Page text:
Imagine a person living alone on a prairie. He tries to build a house, but he is too weak. If he manages to build a teepee out of leaves and sticks, it soon falls down in the wind. He tries to hunt an animal, but he has no way to trap it, and it escapes him easily. We need other people to survive, and the more other people we have, the better off we are. If you doubt it, compare New York City to any jungle village. It is true that there is power in numbers.
Now, people have predictable reactions to certain stimuli. Perhaps the most primitive example is tickling, which predictably elicits laughter. On a higher level, telling a joke often gets a laugh. Personality traits can also function as stimuli of this sort, even if they are not being used: a tactful person is likely to get more favorable responses, even if they are not doing anything overtly tactful. Some people have the skill of eliciting favorable responses, either innately or through practice, either by the means I've just described or through others. We say these people have social skills.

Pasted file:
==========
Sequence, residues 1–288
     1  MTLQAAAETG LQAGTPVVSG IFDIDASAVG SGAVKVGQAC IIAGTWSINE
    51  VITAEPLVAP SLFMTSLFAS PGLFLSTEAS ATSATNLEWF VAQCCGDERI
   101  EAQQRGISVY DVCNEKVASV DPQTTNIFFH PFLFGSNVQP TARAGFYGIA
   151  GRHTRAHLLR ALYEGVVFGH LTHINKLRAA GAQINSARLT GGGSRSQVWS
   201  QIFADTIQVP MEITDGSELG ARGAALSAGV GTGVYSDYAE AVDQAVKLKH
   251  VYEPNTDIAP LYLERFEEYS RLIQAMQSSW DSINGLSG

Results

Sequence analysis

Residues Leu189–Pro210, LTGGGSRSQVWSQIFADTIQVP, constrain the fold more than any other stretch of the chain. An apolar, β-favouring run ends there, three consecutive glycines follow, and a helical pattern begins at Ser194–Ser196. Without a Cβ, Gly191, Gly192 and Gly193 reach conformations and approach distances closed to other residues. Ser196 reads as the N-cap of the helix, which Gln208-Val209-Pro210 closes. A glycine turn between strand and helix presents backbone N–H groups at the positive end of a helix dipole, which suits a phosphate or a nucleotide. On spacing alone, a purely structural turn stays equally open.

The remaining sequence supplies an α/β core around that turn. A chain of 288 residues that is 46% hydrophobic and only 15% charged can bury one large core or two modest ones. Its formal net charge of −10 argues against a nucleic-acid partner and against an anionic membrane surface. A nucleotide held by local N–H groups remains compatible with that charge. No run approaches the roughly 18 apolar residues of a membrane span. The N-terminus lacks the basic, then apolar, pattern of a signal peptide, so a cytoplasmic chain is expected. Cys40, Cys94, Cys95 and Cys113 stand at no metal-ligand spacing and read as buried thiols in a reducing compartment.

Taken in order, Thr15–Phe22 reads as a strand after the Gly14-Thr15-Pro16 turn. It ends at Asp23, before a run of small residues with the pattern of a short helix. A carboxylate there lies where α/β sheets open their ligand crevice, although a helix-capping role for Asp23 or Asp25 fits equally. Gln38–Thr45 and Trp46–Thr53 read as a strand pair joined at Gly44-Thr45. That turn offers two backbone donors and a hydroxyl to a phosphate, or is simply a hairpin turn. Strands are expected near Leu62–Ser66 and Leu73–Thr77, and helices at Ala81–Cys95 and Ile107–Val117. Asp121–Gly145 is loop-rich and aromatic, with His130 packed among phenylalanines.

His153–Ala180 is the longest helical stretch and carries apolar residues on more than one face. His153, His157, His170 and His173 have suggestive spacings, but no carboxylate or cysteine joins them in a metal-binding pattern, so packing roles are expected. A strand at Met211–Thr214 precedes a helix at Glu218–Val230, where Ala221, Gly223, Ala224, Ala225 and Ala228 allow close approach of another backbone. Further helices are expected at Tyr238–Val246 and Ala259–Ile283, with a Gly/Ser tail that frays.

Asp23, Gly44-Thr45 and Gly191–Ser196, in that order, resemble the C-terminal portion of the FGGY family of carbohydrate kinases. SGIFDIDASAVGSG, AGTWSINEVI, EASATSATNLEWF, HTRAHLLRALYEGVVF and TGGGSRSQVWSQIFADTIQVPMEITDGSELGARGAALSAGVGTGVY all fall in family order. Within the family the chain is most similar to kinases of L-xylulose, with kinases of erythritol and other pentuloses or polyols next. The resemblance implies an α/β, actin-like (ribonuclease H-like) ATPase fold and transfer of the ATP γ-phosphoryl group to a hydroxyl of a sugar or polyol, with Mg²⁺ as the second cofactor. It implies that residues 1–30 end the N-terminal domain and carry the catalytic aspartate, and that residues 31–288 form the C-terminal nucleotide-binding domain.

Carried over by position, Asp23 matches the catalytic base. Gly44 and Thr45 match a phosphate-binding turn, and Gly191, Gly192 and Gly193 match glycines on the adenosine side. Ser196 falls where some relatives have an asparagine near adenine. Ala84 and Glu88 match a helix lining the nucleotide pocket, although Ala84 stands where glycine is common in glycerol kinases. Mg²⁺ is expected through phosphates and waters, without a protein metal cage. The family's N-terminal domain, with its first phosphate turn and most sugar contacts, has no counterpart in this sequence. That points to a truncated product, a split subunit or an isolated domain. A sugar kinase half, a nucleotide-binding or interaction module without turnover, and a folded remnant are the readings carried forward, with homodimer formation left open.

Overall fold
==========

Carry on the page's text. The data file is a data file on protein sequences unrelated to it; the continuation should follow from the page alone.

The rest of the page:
Because man is a social animal, having social skills is beneficial in every area of life. If you have social skills, you can organize other people toward your ends. This means a better job, more money, more knowledge, etc. In short, social skills provide the person who has them with all the advantages of New York City over a jungle village.
The lesson is, if you want to flourish, think about what stimuli tend to produce favorable responses in people, and try to create those stimuli in yourself. Otherwise, you'll be like the man on the prairie, alone and helpless in the face of the elements.